Sorry it's been so long, but first I was in Paris, and then I came back from Paris sick as well as having to catch up. But I am now going to be a total bore and present pictures from my trip along with commentary--not all at once, mind you, as I took photos everywhere, but from time to time and on different themes. Dogs of Paris, for example. Or war memorials. Or food. Or decorative chard. But here, just to get started, is a photo of a wall of a building just across from the Jardin du Luxembourg: (unfortunately, this is not my photo as mine wouldn't stick on the blog, but it looks almost identical)
OK, I realize it doesn't look like much. But talk about revolutionary! This is a meterstick, mounted on the wall. When the meter was announced as the standard of measure during the Revolution (and I want to know how that happened, exactly), people of course had no idea what a meter length was, so they had these standard meters posted all over the city. This is the only one left in its original position.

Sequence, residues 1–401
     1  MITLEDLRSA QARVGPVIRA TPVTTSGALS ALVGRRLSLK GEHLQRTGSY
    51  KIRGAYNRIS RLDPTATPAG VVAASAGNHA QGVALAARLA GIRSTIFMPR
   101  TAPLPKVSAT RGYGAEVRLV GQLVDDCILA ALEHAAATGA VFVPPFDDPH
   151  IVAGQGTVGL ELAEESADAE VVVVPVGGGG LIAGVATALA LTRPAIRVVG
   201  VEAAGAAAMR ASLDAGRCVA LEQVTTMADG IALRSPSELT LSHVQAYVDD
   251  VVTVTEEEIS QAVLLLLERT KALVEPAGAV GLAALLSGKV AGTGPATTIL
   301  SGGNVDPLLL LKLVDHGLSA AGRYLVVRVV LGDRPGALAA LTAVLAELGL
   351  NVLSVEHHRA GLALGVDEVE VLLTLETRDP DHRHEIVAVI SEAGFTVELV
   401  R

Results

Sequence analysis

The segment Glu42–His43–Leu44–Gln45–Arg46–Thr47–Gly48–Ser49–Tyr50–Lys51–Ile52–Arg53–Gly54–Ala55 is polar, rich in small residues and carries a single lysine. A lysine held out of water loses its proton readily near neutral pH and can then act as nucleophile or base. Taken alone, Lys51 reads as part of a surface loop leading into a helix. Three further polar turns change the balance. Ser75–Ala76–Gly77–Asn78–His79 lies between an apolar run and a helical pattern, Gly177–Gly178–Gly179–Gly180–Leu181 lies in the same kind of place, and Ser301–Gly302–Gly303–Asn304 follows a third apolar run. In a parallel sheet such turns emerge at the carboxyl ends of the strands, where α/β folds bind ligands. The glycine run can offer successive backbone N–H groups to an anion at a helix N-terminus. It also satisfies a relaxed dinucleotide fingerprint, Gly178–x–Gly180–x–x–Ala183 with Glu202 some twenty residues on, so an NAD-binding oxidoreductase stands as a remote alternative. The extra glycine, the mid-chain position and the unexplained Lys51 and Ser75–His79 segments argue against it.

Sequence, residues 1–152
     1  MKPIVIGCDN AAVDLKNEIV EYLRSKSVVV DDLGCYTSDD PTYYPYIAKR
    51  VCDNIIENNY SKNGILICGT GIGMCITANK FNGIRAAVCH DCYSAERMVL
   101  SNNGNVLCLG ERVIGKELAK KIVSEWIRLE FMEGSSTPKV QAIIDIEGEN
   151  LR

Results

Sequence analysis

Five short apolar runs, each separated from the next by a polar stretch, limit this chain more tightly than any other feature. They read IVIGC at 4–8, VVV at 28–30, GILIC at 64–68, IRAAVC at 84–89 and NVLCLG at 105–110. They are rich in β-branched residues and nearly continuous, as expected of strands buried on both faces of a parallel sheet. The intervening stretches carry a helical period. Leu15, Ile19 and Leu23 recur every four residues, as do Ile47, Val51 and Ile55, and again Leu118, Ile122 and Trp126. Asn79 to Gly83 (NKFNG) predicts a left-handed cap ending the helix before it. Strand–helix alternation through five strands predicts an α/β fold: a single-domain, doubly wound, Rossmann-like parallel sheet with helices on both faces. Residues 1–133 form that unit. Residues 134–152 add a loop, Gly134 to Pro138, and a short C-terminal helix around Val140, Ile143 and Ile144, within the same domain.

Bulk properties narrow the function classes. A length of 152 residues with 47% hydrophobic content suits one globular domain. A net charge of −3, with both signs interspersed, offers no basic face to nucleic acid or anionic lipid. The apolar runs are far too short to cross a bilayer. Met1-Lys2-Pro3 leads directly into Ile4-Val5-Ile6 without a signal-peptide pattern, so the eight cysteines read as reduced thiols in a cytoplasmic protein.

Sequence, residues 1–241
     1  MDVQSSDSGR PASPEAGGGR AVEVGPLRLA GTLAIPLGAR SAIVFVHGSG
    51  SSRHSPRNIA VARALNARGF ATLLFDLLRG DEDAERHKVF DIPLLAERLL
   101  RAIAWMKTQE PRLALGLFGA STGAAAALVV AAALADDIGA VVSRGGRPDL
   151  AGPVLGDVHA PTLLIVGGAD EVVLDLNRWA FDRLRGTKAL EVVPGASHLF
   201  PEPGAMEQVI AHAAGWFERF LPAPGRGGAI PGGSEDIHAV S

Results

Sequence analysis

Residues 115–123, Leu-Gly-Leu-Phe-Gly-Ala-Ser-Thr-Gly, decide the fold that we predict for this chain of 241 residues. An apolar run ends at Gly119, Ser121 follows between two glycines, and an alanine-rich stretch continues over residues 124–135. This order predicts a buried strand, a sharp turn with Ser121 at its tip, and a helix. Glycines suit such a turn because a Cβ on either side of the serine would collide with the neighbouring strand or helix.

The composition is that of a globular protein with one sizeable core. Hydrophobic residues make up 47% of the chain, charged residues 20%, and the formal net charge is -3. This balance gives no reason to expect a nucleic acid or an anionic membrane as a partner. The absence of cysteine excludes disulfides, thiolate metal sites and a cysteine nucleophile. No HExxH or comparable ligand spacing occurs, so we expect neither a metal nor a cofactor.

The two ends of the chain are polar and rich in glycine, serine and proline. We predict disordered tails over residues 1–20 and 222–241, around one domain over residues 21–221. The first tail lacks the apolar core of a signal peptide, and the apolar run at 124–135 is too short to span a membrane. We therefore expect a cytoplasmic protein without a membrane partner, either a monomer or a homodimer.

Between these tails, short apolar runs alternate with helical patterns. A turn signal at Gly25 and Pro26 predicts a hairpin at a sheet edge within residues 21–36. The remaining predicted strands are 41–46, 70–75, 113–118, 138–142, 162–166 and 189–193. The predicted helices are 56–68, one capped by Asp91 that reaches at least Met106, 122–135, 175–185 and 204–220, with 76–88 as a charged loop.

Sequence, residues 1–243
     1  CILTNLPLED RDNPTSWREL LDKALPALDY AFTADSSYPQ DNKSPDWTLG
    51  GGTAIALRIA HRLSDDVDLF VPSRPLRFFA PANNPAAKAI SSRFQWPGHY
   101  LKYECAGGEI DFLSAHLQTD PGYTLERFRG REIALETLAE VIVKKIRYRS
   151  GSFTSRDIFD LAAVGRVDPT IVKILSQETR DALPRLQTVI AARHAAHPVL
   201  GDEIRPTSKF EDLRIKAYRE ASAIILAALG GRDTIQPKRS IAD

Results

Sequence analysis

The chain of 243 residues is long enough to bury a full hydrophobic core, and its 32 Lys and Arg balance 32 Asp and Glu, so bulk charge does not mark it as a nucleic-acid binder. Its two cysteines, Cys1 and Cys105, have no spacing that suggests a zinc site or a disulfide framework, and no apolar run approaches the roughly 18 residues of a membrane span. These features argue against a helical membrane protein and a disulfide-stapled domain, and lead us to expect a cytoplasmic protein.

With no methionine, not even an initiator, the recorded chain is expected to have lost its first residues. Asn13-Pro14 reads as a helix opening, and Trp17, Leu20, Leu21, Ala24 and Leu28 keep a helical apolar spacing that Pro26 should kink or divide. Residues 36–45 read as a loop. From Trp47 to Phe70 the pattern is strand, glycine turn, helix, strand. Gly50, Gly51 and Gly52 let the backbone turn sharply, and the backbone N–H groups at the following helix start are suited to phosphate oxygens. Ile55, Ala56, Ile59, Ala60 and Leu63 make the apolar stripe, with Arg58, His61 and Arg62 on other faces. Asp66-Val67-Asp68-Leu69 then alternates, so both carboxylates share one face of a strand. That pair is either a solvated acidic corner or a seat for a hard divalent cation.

What is also interesting--to me, at any rate--is that divvying things up by 10 was completely foreign to people. If you had a piece of string for measuring something, you could divide it in half or fourths or eighths--but tenths? I'm not used to thinking of measuring instruments being hard to come by.
It also makes me realize how hard it would be to get the US to change over completely to metric. I think we would have to do it (as we have been doing it) in a very gradual and somewhat underhanded way. Get used to seeing 2 liter bottles, for example. Use metersticks in schools so that kids become more used to that unit of measure than inches. But a complete change will be difficult unless done by fiat with the threat of heads rolling, and I don't see that happening any time soon.